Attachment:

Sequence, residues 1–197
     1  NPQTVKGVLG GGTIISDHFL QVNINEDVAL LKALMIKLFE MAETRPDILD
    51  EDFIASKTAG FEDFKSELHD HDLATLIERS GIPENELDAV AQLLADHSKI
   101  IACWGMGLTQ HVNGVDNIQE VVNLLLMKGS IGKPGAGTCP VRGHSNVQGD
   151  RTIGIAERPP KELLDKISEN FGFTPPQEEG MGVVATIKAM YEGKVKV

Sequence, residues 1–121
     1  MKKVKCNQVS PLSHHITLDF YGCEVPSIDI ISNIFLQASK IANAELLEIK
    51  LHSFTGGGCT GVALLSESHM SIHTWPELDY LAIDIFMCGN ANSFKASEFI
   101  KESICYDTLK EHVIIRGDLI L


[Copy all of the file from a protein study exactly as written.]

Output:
Sequence, residues 1–197
     1  NPQTVKGVLG GGTIISDHFL QVNINEDVAL LKALMIKLFE MAETRPDILD
    51  EDFIASKTAG FEDFKSELHD HDLATLIERS GIPENELDAV AQLLADHSKI
   101  IACWGMGLTQ HVNGVDNIQE VVNLLLMKGS IGKPGAGTCP VRGHSNVQGD
   151  RTIGIAERPP KELLDKISEN FGFTPPQEEG MGVVATIKAM YEGKVKV

Sequence, residues 1–121
     1  MKKVKCNQVS PLSHHITLDF YGCEVPSIDI ISNIFLQASK IANAELLEIK
    51  LHSFTGGGCT GVALLSESHM SIHTWPELDY LAIDIFMCGN ANSFKASEFI
   101  KESICYDTLK EHVIIRGDLI L